How the private sector can help in vaccination
Since October 2020, I’ve been working with the private sector on the national vaccine program with vaccine czar Secretary Carlito Galvez Jr. and his team. We’ve focused our efforts on creating a vaccine portfolio, vaccine administration and allocation, logistics and cold chain management, and public information.
From our perspective, this is how the private sector can help the government in the mass vaccine campaign.
Augment vaccine procurement. The government has wisely allowed the private sector and local governments to augment the government’s own vaccine procurement. Many people may not be aware that vaccine manufacturers deal only with governments; they do not sell commercially to companies. Vaccines are given “emergency use authority” by health regulatory bodies so they can be used during emergency periods but cannot be commercially sold. The Philippines might be the only country in the world to innovate and allow private sector and local governments to jointly procure with and supplement government supply.
The country benefits in three ways. First, it adds to the overall supply. Second, every dose the private sector buys is a dose saved by the government. And third, the increased supply means the government can scale up the vaccination program to move faster toward herd immunity.
The combined efforts of the national government, private sector, and local governments mean that the country has 148 million doses of different vaccine brands under negotiation. This excludes the expected 44 million doses made available through COVAX, the cooperative effort of the World Health Organization, Gavi, and the Coalition for Epidemic Preparedness Innovations to bring discounted vaccines to developing countries.
The Philippines has enough vaccines to administer to eligible adults from a population of 110 million people. Since only persons aged 18 and above can be vaccinated, that works out to roughly 77 million people. At two doses per person, we need 154 million doses.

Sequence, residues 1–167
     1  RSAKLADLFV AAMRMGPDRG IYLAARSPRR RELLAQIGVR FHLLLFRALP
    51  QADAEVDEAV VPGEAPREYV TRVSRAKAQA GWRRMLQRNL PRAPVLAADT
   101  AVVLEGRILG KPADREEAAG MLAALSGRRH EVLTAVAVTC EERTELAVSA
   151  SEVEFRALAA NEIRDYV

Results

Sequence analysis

Open up more allocation channels. While no vaccines have arrived and limited supply will start from March to May, once deliveries accelerate from June onward there will be enough supply to vaccinate all. The government has designated health care frontliners as the first to be vaccinated. This is necessary to protect individual health care workers and the entire health system.
The government has also identified seniors (including those with comorbidities and persons with disabilities), indigents, uniformed services, and other frontline workers as priorities, in that order.
Vaccinate private sector workers in parallel effort. As more supply begins to come in and reach quantities to cover the entire population, it makes sense to allow the private sector to vaccinate economic frontliners and their dependents in parallel with the government’s priority populations.
These economic frontliners are customer-facing workers and essential workers in utilities and key industries, and overseas Filipino workers. It also makes sense to vaccinate “household dependents” because limiting inoculations to workers offers little protection to households.
What are the benefits of opening up these parallel channels? First, it would allow the country to scale up vaccination faster. Second, every person vaccinated by the private sector eases the burden of vaccine administration for the government. Third, and perhaps most important, it enables people to return to work sooner and regain their livelihoods. It jumpstarts the economy.
Use third-party and service providers. The vaccine deployment program has many moving parts, from the actual procurement of vaccines and ancillary supplies (e.g., syringes, needles, etc.) to the logistics and cold chain management to the information systems to track all supplies, vaccines, and adverse events. The scale of the work is overwhelming and has not been carried out at this magnitude in our history. Government’s own capacity and infrastructure will be stretched beyond their limits. Thus, it is imperative that services be contracted from the private sector so logistics, data, and actual vaccinations can be carried out by private companies with the expertise.
The job may be daunting, but not impossible if we work together. But we need to pick up the pace to get ready for those first deliveries.
Guillermo M. Luz is chief resilience officer of the Philippine Disaster Resilience Foundation (www.pdrf.org).
Business Matters is a project of the Makati Business Club ([email protected]).
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